- Salvador Dalí’s fateful meeting with Gala, wife of fellow surrealist Paul Éluard, at his family home in Cadaqués, Spain. His love for her cures him of his laughing fits.
- Shortly thereafter, Buñuel strangling Gala, the other pulling him off her before he kills her.
Items 11 and 12 are well-documented in the historical record. The others can be proven only by visiting the shores of dream, which still bear the scars of what the surrealists did to it ninety years ago.
Evocative, enigmatic, and haunted by airborne polyps, The Book of Ants, a.k.a Livre des Fourmis, gives Trail of Cthulhu Keepers and players an essential window into Paris of the 20s and 30s, and into the Dreamlands beyond.
From November 1918 to September 1929, the young poet Henri Salem fell in with the surrealists of Paris. Swept up by the imperious charisma of group leader André Breton, he rapidly found himself sharing cafe tables with the key figures of this most influential and fractious art movement of the pre-war period. According to this, his diary of the era, he traded quips with Marcel Duchamp, feared the madness of Antonin Artaud, and served as model for the famous shot of ants crawling from a hole in a man’s hand in Salvador Dalí and Luis Buñuel’s scandalous film Un Chien Andalou.
If his tale can be fully believed, he stepped with them from waking Paris to an ancient yet surprisingly malleable realm of dream. (Save for Breton, who could never make the leap.) There he walked alongside such Mythos figures as Randolph Carter, King Kuranes and the ghoul once known as Richard Pickman.
As such his diary serves as an indispensable guide to anyone wishing to explore the dangerous demimonde of the Parisian art scene, where disagreements over aesthetics are often settled with knife wounds and broken bones. Even more, it provides a rare look into the ever-shifting shores of the Dreamlands, just as its air of the fantastical gives way to horrific reflections of a world spinning into chaos and death.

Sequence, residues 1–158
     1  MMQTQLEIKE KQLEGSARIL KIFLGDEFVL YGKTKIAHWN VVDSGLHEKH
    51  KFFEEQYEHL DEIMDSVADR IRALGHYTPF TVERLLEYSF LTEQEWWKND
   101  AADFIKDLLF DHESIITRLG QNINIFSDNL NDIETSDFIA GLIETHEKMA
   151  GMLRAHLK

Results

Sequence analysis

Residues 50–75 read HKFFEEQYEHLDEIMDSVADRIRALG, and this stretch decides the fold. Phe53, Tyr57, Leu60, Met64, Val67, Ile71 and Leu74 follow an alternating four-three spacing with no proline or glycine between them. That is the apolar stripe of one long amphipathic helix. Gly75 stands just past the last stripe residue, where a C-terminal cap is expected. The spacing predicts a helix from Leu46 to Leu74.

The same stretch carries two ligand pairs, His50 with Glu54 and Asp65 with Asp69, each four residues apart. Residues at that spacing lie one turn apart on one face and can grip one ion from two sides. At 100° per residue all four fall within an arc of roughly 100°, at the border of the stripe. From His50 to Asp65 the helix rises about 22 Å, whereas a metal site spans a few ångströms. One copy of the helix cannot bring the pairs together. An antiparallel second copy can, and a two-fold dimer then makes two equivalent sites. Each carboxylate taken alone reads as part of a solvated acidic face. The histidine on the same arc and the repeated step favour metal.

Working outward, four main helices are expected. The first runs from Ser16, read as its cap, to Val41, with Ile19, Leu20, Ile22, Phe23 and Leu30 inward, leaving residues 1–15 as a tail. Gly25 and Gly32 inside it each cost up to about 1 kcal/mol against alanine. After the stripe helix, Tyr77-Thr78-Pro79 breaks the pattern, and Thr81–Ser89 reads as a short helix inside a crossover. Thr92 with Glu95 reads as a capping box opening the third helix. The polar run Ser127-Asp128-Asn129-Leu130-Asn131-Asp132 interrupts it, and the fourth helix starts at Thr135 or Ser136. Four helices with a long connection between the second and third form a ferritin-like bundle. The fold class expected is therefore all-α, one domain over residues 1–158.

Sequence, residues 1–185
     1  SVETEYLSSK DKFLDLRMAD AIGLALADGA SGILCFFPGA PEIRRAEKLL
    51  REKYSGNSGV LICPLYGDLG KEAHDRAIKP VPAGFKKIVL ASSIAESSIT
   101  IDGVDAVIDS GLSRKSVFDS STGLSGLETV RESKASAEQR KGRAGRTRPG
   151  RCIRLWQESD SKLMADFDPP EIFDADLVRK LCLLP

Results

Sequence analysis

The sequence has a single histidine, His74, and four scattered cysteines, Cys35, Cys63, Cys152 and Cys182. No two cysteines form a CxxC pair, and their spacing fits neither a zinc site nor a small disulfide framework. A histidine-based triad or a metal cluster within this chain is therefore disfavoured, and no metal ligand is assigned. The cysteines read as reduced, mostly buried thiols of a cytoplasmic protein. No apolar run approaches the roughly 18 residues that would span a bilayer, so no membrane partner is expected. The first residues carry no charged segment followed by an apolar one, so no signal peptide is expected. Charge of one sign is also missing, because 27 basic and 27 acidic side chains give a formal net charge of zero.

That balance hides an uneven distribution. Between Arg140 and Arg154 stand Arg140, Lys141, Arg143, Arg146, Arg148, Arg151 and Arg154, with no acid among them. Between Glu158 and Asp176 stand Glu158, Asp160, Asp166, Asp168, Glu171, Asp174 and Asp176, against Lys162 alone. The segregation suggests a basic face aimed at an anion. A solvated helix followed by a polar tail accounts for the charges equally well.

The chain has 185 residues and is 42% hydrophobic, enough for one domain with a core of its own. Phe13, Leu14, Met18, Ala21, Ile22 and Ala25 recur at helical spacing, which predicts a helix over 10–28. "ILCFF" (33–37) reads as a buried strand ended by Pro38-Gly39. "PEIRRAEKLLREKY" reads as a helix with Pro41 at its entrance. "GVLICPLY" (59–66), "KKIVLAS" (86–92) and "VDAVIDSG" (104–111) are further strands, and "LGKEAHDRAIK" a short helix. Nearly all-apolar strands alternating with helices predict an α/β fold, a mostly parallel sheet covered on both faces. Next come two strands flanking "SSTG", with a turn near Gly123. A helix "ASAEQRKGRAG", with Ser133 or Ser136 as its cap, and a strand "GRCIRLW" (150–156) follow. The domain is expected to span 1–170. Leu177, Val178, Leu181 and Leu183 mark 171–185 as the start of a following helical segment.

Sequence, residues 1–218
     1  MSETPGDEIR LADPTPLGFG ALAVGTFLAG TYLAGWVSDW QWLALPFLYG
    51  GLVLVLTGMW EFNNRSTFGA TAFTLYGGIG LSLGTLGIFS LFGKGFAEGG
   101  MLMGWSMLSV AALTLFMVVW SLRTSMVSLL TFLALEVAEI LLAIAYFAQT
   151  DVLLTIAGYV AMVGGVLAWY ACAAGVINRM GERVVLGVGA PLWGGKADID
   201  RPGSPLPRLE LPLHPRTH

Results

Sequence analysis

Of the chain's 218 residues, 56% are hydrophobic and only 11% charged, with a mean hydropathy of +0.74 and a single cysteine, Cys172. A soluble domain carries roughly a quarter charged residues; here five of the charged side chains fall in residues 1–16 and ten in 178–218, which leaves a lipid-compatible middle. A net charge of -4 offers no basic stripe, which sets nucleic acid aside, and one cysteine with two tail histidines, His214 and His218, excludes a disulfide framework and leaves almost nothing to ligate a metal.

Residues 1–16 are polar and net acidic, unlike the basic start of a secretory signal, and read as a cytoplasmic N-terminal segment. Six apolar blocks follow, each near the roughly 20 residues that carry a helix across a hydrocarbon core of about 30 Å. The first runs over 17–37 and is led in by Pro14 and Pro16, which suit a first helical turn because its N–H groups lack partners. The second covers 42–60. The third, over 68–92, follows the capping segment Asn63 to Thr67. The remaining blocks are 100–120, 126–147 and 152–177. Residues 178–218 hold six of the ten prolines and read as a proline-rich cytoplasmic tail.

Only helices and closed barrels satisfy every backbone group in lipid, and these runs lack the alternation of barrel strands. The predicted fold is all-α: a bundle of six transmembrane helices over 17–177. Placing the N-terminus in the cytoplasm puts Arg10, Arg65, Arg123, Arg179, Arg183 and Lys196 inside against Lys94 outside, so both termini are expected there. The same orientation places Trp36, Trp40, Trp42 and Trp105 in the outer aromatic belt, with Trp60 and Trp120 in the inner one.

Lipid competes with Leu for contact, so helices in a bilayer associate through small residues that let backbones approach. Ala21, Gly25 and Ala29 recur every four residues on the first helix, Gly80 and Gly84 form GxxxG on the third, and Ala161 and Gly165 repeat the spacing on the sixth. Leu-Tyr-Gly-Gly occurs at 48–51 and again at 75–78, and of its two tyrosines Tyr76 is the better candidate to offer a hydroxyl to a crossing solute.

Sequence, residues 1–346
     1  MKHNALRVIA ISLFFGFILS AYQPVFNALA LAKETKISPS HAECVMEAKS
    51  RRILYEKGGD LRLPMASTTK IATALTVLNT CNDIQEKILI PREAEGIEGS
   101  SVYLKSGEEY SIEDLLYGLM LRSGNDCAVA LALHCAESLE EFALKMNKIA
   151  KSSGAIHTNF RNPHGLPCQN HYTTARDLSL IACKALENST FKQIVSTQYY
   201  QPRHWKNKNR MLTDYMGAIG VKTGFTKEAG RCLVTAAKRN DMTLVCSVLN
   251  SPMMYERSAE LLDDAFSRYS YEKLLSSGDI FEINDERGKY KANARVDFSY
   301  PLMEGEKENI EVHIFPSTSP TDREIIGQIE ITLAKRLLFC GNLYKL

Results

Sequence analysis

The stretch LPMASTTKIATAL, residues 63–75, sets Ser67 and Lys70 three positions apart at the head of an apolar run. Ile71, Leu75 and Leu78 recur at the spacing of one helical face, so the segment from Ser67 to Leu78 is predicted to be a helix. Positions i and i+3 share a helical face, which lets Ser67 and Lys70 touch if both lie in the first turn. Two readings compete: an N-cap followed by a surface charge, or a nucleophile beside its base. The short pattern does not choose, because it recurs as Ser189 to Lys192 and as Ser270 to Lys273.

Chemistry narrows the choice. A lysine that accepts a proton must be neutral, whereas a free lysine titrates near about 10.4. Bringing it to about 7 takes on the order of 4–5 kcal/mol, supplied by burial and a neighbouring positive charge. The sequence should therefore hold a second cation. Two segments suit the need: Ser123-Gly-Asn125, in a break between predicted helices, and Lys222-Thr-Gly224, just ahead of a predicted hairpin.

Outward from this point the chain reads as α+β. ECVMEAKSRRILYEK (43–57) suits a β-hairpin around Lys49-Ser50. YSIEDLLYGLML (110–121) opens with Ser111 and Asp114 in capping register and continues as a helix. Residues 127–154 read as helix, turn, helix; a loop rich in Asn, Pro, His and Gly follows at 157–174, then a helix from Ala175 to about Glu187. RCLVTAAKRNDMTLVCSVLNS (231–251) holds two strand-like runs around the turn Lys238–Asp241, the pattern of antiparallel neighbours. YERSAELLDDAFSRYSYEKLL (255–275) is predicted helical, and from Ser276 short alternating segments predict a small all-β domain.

|Stock #: PELGT39||Pages: 184|
|Artist: Sarah Wroot||Author: Robin D. Laws|
Playtest feedback for Dreamhounds of Paris, the upcoming Trail of Cthulhu campaign sourcebook in which you play the major figures of the surrealist movement wreaking –psychic-revolutionary havoc in Lovecraft’s eerie fantasy realm, is in. Participants should pat themselves on the bat for a collectively great job. They’ve turned in detailed, thoughtful responses that will make the book better. This must have the highest ratio of comments made to comments used of any project I’ve received playtest feedback on.
Because the campaign strongly encourages you to play real historical figures, supplied for you in the book, we can do a fun thing that doesn’t usually arise from playtest reports. We can see who the most popular of the 20 supplied characters were, and in what proportion. Here’s the breakdown for the six most chosen characters, in handy pie chart form.
Clearly, seeing to it that you have Dali or Cocteau along is the Dreamhounds version of making sure somebody’s playing the cleric.
From the 1920s to the coming of the Occupation, a new breed of artist prowled the fabled streets of Paris. Combative, disrespectful, irresponsible, the surrealists broke aesthetic conventions, moral boundaries—and sometimes, arms. They sought nothing less than to change humanity by means of a worldwide psychic revolution. Their names resound through pop culture and the annals of art history.
But until now, no one has revealed what they were really up to.
In this comprehensive campaign guide for Trail of Cthulhu, you recreate their mundane and mystical adventures as you stumble onto the Dreamlands, a fantastical realm found far beyond the wall of sleep. At first by happenstance and later by implacable design, you remake it in the fiery image of your own art. Will you save the world, or destroy it?
Choose your player character from a roster of 19 visionaries and madmen.
- Put up your dukes as two-fisted filmmaker LUIS BUÑUEL.
- Flee a formless entity as Dada impresario TRISTAN TZARA.
- Photograph tentacled entities as American expat MAN RAY.
- Personify the joy and decadence of the city as chanteuse KIKI DE MONTPARNASSE.
- Wield the magic cane that will end the world as theater of cruelty inventor ANTONIN ARTAUD.
- Or arrive in Paris as fresh-faced young painter SALVADOR DALÍ, who has come to tear the movement all down and rebuild it in his image.
The Dreamlands are as strange as you can imagine.
|Stock #: PELGT38||Pages: 160|
|Artists: Tyler Clark, Ben Felten, Emilien Francois, Melissa Gay, Jérôme Huguenin, Leah Huete, Rachel A. Kahn, Anna Kryczkowska, David Lewis Johnson, Pat Loboyko, Rich Longmore, Jeff Porter, Patricia Smith, Jeff Strand||Authors: Robin D. Laws, Kenneth Hite, Steve Dempsey|